The block was again set up on the lathe bed and clamped to it. Using such a big cutter, it was only possible to make very light cuts of about 0.005" at every pass, so it took a little while.
In answer to your question Estaban; yes, I do have a drawing of the project, but that is being constantly updated as we go along! Certain things are hard and fast of course, otherwise we would never get anywhere.

Image

After a lot of setting-up & taking down, we eventually arrived at this..

Image

The next thing was to put it up in the lathe, clock up true to the sides and base, then drill & bore a hole through for the thread.

Image

Whilst it was set up in this position, I turned a boss on each end, using a boring bar on the opposite side and running the lathe in reverse.

Image

Now it was time to start filing..

Image

..starting by radiusing off the top (roughly at this stage) to blend in with the end bosses.

Image

This was then roughed out.

Image

The block was then again set up on the lathe bed to make the chamfered edges..

Image

The radii were then filed in..

Image

..and the waist. I did this with a 14" 'Rat-tail' file to start with, then second-cut with a half-round.

Image

Image

I then cut the thread. In this case, a standard M12x1.75p.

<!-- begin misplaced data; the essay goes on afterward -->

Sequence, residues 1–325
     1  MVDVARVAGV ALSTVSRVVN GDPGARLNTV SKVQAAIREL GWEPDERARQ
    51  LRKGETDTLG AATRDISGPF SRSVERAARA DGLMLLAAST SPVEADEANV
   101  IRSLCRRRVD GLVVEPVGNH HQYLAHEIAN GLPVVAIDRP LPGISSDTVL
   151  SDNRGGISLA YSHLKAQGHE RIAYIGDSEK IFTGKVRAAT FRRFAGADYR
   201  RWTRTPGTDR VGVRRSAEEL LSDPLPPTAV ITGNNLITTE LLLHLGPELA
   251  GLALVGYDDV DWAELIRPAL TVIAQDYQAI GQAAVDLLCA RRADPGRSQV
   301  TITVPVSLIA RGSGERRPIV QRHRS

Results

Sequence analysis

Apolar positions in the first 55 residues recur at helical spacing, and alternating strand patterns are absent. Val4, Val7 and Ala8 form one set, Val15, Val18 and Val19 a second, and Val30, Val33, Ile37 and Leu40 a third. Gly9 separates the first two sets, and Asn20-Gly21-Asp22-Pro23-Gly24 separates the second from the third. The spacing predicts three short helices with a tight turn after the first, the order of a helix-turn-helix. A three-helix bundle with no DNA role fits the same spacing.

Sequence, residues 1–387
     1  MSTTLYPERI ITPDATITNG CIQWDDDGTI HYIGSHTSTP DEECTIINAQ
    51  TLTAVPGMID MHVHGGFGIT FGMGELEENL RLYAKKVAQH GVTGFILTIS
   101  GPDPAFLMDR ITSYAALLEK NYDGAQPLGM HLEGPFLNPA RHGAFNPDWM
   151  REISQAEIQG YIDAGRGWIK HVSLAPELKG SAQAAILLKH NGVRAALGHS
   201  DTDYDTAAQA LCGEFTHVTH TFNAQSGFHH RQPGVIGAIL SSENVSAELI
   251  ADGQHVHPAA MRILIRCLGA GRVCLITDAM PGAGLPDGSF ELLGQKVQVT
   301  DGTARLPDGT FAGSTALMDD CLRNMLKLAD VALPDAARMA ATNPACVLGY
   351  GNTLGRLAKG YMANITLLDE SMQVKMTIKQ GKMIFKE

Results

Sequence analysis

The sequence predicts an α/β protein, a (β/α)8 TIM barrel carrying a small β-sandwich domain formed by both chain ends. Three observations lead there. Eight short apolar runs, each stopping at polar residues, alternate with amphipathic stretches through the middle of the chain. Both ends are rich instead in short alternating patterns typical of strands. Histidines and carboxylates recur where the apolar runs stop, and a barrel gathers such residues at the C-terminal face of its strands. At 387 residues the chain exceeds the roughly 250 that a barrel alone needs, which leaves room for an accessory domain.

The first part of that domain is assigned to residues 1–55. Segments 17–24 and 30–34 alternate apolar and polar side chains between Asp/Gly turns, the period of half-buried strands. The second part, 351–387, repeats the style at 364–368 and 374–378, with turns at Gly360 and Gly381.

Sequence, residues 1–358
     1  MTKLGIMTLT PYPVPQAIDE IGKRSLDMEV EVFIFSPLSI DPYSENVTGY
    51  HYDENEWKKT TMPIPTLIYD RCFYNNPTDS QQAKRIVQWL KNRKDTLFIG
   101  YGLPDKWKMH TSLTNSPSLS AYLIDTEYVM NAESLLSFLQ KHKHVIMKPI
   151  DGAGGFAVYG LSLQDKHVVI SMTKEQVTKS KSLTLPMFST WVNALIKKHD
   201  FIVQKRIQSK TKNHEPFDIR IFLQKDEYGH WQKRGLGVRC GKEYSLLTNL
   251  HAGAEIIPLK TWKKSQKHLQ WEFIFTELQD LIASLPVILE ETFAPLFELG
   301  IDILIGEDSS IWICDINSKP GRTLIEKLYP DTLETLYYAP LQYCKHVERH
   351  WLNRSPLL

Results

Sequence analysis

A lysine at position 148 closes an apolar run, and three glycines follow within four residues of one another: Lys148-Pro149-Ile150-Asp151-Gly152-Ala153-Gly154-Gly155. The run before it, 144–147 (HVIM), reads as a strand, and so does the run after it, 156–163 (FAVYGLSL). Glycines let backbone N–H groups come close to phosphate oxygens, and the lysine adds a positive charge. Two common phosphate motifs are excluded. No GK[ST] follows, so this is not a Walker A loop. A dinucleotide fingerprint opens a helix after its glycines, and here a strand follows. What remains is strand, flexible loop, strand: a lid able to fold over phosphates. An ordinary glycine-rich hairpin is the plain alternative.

Image

The tailstock is now starting to take shape but there is still much to do yet to complete it. ..Couldn't resist a trial fitting..!

Image

The next thing will be to make the centre 'quill' and the means of locking it in the desired position.
More next time..

Regards from wm+
Experienta docet!

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Snape
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Re: Making a lathe..for making floats!

Postby Snape » Sun Mar 31, 2013 2:30 pm

Extraordinary work and outstanding ability WM+ :Hat:
Many men go fishing all of their lives without knowing it is not fish they are after.
~Henry David Thoreau

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Kevanf1
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Re: Making a lathe..for making floats!

Postby Kevanf1 » Sun Mar 31, 2013 2:32 pm

It's those little things that make all the difference. Others may not radius the edges but in so doing it gives a far more professional finish. It's certainly much more than the one I cobbled together. Mine is all wood and not very well finished at that. I doff my hat to you sir :Hat: :Ok:
Currently reading...... 'Willow Pitch II by various authors', 'Burial by Graham Masterton', 'Make: Electronics by Charles Platt' & the 'Myford series 7 manual by Ian Bradley'

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Richard C
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Re: Making a lathe..for making floats!

Postby Richard C » Sun Mar 31, 2013 2:42 pm

:shocked: Stunning workmanship to the tailstock WM+. A wonderful piece of engineering. Might I make 1 criticism....... :Scared: :Hide:

Not your work but your quote regarding description "Last time, we were using the lathe as a crude sort-of mill, to hack out the unwanted metal from the block of steel."
Words like 'crude' and 'hack' have no place describing your work. Absolutely blown away by your talent sir! :Hat:
"And the end of all our exploring will be to arrive where we started and know the place for the first time.".
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MGs
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Re: Making a lathe..for making floats!

Postby MGs » Sun Mar 31, 2013 3:23 pm

Great work as usual
Old car owners never die....they just rust away